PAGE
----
December 17, 2015

Want to go Deeper with Yoga? Start A Yogi Book Club.


Interested in delving into conversations that you only scrape the surface of with your students during or after a class?

Start a yoga themed book club at your studio to increase community and create space for important conversations.

I started a yogi book club because I wanted to find an accessible way to introduce yoga philosophy and history to the students at my studio. In North America, yoga has a reputation for its ability to deliver on superficial benefits like increased flexibility and strength but somehow its deeper benefits (like its ability to increase self-awareness and self-compassion) have not made mainstream news.

Many yoga students are unaware that yoga is not solely a physical practice, so as a teacher I was interested in finding a way to make yoga philosophy accessible to students (without lecturing them about the 8-limbed path while they are in Downward Dog).

Often once students have a deep experience in a yoga class they become curious and want to learn more about this tradition’s roots and about what we, as teachers, mean when we talk about “living your yoga off of the mat.” My yoga studio seeks to be responsive to students’ interests and needs—so when students expressed an interest in delving deeper into yoga “off the mat,” the idea for the book club took root.

Why a book club, though?

Books are a natural medium to use to explore ideas and provoke discussion. Each month has a theme that we tie to yoga and the book explores that theme. Book clubs are also fun and accessible (open to anyone and not too expensive).

Since our book club is not dissecting literary concepts it isn’t intimidating—instead, it is like hanging out and shooting the sh*t. Talking through your ideas on life with great company who help you to build or break down your ideas.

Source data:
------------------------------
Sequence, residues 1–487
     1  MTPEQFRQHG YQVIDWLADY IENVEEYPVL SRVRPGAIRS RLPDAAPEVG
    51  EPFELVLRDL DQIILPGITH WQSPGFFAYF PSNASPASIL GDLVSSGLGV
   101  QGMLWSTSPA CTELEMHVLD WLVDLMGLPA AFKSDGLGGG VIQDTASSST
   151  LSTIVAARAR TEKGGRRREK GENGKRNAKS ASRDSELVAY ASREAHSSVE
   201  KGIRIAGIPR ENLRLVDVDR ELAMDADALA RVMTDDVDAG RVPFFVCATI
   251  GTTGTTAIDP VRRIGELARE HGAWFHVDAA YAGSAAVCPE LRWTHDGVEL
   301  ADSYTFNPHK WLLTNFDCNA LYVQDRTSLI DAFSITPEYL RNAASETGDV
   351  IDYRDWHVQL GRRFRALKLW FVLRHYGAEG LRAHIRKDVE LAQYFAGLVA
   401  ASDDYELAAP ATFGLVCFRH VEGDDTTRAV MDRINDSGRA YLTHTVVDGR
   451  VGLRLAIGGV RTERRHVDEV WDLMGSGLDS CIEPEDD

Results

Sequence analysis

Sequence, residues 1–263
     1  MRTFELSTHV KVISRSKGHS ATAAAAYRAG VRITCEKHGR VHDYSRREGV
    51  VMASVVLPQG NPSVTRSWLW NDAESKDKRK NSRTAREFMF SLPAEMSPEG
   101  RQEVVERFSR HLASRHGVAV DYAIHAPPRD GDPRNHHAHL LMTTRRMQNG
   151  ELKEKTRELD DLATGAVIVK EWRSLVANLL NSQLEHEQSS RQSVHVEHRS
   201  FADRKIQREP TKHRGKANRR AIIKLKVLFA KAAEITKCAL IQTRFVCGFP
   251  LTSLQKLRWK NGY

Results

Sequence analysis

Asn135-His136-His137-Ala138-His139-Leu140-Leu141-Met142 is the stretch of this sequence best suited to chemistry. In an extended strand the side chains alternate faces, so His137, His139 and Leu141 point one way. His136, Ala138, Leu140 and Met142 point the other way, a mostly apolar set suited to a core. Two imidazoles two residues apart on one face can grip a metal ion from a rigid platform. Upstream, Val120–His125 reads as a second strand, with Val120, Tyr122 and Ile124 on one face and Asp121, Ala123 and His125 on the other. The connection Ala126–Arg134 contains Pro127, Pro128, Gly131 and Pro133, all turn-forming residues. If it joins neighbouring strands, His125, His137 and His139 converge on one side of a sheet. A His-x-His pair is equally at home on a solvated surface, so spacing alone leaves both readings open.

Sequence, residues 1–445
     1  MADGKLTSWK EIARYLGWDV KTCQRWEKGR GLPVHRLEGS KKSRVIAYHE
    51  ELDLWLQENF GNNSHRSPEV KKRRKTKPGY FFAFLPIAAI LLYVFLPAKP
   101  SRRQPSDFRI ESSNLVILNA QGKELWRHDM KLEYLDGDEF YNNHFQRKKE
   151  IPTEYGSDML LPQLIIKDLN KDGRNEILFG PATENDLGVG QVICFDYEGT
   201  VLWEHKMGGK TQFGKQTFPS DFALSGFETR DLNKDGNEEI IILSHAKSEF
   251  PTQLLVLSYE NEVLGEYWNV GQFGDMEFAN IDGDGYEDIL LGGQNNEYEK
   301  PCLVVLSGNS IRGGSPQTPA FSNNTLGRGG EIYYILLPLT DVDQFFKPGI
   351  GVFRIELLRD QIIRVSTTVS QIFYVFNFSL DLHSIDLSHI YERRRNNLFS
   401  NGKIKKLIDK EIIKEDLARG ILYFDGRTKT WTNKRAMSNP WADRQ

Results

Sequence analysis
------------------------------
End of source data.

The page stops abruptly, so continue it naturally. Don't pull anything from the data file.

After book club I leave feeling expanded and filled up with inspiration, humour, knowledge and love for my community. Plus, many of us love to read but don’t make the time for it in our busy lives. A book club is a way to hold us accountable to reading one book per month, and it is empowering and fulfilling to live up to our goals.

Something to consider when starting your book club is to name your intention (as we sometimes do at the beginning of a yoga class).

What is/are your goal(s)?

For us the intention was to create a stronger sense of community at the studio and to broaden students’ understanding of yoga beyond the physical practice. These intentions guide our discussions and our book choices.

How do you lead a book club?

This was the first time I had ever led a book club so I searched the internet and talked to friends for advice. So, now that I am a book club aficionado of six whole months, here are my words of wisdom for you:

  • Start by providing a brief summary of the book as well as some background on the author.
  • Draw the parallel(s) that you found between the book and yoga, encourage others to share their thoughts on that topic.
  • Prepare some questions to spark discussion.
  • Make an effort to keep discussion on track.
  • Relate comments back to the book or to a previous comment by another participant.
  • There may be some critical reviews of the book online that you could share to spark critique.

Book Ideas:

1. Yoga and the Quest for the True Self by Stephen Cope

A good first book to introduce yogic philosophy and thus inform future weeks’ discussions

2. Happier or Being Happy by Tal Ben Shahar

Theme: Happiness

3. Start Where You Are by Pema Chodron

Theme: Compassion

4. Zen and the Art of Motorcycle Maintenance by Robert M. Pirsig

Theme: Happiness

5. The Big Tiny by Dee Williams

Theme: Simplicity

6. The Four Agreements by Don Miguel Ruiz

Theme: Communication

7. Big Magic by Elizabeth Gilbert

Theme: Creativity

8. The Great Work of Your Life by Stephen Cope

Theme: Dharma

We have had a great time building up our studio’s book club and savouring the opportunity to discuss each others’ ideas on how to live yoga off of the mat.

Even if you aren’t interested in starting or joining a book club these books are each amazing in their own way. If the “self-help” section of the book store has often beckoned you but turned you off at the same time by its name (you don’t need help, you are already whole) then these books are the perfect starter pack to delve into the realm of personal development.

Whatever you choose to do with this idea, we can agree that the power of a good book and a good conversation cannot be underestimated.


Relephant Read:

9 Books Every Expat in a Non-Western Country Needs to Read.


Author: Kate Mason

Assistant Editor: Carlene Kurdziel, Editor: Khara-Jade Warren

Photo: Martin/Flickr

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